If you have heard about dry needling yet you remain skeptical of its efficacy, you should consider that many professional athletes around the world are using this treatment to relieve muscle pain and disfunction. At North Platte Physical Therapy, we are always happy to answer your questions about any of our treatments, which in addition to dry needling include treatment for craniofacial and jaw pain, functional movement screening, hand therapy and splinting, injury risk assessment, and more. Contact us today to learn more!

What you need to know about back surgery, from your Wyoming/Nebraska physical therapist

December 3, 2019

Are you experiencing back pain? Have you been told you’ll need to have back surgery? Back surgery can certainly be overwhelming, and even a little scary...but it doesn’t have to be.There are some important things you should know about back surgery and if you are on the fence knowing the pros and cons of pursuing back surgery can help you make your decision. If you still have questions, reach out to your local Wyoming or Nebraska physical therapist, or your team here at North Platte. 

What are the benefits? 
There are quite a few benefits of back surgery - some of our favorites are below:
  • Physical fitness
  • Improved mood
  • Getting back to your normal mode of operation and habit

What are the risks? 
There are a few risks as well, however, the benefits and potential payoffs from receiving back surgery makes it worth it. Side effects/risks are also rare, and may vary person to person:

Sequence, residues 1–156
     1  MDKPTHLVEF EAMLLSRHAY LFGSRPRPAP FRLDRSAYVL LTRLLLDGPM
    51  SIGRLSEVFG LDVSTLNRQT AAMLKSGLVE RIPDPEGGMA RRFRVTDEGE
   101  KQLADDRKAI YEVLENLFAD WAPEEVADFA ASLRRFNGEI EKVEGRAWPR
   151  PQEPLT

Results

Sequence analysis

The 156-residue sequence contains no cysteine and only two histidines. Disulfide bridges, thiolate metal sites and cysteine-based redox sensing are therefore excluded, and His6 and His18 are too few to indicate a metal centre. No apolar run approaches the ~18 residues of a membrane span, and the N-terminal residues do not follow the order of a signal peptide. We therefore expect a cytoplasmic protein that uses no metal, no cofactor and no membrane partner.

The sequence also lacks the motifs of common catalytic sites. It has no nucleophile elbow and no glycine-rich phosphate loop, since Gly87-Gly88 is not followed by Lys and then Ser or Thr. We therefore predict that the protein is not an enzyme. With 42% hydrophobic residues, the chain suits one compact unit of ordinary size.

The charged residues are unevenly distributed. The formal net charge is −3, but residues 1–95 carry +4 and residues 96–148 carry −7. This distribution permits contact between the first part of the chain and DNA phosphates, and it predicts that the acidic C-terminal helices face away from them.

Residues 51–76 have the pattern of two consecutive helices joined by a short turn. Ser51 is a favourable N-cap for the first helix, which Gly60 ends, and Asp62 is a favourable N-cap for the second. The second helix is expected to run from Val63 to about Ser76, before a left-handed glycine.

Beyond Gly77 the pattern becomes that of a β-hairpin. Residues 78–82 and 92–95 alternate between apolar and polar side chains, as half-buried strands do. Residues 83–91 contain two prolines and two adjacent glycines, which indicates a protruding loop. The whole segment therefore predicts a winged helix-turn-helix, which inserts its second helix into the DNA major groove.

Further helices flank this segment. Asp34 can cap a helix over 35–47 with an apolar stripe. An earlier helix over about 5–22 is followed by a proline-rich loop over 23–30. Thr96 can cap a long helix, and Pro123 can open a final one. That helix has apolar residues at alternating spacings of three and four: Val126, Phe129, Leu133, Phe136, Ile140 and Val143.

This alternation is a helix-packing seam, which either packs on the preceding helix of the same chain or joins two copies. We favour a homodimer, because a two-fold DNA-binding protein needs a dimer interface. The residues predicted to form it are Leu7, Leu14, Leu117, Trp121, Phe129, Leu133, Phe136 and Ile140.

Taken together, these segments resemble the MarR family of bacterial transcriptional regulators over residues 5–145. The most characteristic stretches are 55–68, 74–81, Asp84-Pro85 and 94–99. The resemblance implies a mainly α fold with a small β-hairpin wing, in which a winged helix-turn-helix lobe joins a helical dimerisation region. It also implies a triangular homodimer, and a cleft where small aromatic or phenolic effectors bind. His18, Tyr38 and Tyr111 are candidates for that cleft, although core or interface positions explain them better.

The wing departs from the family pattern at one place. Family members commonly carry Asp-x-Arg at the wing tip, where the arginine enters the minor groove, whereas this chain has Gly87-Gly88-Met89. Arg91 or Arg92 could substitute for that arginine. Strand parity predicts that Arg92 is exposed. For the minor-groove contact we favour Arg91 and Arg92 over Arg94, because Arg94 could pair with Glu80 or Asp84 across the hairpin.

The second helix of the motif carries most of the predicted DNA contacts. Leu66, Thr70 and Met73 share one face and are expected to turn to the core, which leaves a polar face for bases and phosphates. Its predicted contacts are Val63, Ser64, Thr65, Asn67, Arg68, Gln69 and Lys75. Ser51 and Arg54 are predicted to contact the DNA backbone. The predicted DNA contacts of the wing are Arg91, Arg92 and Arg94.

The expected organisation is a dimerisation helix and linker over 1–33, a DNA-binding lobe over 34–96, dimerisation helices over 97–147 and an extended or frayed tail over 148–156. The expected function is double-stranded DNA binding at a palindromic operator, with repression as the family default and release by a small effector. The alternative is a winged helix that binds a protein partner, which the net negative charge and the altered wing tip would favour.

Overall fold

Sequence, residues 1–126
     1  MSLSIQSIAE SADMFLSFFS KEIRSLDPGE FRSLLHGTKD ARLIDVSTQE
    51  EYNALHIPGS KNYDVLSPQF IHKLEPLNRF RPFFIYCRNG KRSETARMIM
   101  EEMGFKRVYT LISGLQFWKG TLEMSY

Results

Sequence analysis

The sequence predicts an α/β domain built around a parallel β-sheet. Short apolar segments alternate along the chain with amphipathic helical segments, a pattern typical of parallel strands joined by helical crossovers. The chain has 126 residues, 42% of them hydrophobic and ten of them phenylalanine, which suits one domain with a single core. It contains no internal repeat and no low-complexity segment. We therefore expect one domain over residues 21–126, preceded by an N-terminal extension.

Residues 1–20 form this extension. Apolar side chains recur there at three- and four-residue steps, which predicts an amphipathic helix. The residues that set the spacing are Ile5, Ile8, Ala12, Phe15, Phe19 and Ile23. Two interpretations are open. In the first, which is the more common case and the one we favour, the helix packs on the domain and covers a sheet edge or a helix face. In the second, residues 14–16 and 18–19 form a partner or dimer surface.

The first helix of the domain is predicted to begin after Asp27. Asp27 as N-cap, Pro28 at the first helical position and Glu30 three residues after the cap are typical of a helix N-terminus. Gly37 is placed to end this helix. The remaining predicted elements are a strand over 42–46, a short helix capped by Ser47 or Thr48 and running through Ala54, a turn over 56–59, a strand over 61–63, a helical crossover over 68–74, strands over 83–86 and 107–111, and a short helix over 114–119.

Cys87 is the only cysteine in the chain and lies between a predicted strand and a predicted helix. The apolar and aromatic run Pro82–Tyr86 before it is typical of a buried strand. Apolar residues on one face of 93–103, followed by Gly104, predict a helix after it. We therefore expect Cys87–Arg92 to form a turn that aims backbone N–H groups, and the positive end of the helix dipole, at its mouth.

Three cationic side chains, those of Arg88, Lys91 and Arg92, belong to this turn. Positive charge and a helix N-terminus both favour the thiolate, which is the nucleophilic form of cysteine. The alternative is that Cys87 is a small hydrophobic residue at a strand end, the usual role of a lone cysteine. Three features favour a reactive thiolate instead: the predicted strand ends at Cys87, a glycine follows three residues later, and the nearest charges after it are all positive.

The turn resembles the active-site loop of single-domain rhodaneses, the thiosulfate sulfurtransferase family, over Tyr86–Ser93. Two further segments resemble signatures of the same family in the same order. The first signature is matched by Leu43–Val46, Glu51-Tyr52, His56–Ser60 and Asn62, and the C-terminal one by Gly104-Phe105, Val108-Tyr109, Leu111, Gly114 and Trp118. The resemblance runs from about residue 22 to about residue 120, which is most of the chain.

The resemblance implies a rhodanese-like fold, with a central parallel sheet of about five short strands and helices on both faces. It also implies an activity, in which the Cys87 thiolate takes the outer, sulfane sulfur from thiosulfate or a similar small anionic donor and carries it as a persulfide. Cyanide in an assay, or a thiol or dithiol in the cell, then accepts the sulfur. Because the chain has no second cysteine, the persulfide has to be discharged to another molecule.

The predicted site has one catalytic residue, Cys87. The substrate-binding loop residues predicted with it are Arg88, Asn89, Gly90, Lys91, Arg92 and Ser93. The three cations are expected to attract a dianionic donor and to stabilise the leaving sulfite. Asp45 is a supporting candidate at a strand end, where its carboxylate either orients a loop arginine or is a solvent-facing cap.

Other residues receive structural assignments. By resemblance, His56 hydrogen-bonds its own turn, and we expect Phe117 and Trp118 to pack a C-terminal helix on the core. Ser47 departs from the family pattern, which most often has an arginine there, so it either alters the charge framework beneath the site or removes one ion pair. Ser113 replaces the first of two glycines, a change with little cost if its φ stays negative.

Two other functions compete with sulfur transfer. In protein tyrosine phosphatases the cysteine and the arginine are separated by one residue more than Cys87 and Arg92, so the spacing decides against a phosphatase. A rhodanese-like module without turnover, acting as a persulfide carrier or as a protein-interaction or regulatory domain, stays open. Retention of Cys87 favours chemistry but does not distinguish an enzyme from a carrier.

• Herniated discs
  • Bleeding/infection
  • Blood clots
  • More serious conditions such as heart attack, stroke, and nerve damage

What are the different types of back surgery? 
  • Spinal fusion: If you are having a spinal fusion surgery, your doctor will be joining your vertebrae. This is a common type of surgery, however the surgery will limit your motion between the vertebrae. Despite this, most likely you will not experience any limit in your range of motion. 
  • Laminectomy: This is a surgery in which parts of your bone, bone spurs, or ligaments will be removed. While this will help relieve any pressure you are can lead to a more unstable spine. Often times you might have this surgery, and then a spinal fusion to assist in stabilization. 
  • Disk replacement: This is exactly what it sounds like - a surgeon will remove a damaged disk and replace it with an artificial one. This tends to be similar to a spinal fusion, but recovery time is much shorter and this surgery will allow you to continue to move your spine.

If you have questions concerning an upcoming back surgery, we reco